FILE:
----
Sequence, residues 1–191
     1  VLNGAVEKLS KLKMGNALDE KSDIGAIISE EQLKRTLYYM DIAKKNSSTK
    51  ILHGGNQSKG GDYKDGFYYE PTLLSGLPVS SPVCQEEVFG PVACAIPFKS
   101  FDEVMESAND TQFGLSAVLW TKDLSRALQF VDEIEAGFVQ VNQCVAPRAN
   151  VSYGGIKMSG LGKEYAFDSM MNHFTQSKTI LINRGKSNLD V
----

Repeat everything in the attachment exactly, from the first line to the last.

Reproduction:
Sequence, residues 1–191
     1  VLNGAVEKLS KLKMGNALDE KSDIGAIISE EQLKRTLYYM DIAKKNSSTK
    51  ILHGGNQSKG GDYKDGFYYE PTLLSGLPVS SPVCQEEVFG PVACAIPFKS
   101  FDEVMESAND TQFGLSAVLW TKDLSRALQF VDEIEAGFVQ VNQCVAPRAN
   151  VSYGGIKMSG LGKEYAFDSM MNHFTQSKTI LINRGKSNLD V